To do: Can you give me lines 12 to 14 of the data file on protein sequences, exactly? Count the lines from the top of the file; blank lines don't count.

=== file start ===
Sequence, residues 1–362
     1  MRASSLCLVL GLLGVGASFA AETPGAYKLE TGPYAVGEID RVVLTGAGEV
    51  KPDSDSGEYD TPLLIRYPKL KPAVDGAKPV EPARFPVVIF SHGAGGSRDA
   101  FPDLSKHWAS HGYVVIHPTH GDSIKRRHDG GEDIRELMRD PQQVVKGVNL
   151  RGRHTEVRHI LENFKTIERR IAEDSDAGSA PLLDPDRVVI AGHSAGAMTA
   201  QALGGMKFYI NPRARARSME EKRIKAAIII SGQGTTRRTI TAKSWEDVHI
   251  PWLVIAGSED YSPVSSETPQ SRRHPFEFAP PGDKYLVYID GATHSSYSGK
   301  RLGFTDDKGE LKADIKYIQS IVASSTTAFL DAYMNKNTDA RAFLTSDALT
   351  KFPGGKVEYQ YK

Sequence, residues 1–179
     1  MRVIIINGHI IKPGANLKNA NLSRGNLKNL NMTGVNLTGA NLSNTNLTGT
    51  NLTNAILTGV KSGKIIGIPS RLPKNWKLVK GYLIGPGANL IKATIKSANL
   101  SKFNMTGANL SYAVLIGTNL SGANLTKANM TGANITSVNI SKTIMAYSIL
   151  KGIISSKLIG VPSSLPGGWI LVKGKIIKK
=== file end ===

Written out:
    51  NLTNAILTGV KSGKIIGIPS RLPKNWKLVK GYLIGPGANL IKATIKSANL
   101  SKFNMTGANL SYAVLIGTNL SGANLTKANM TGANITSVNI SKTIMAYSIL
   151  KGIISSKLIG VPSSLPGGWI LVKGKIIKK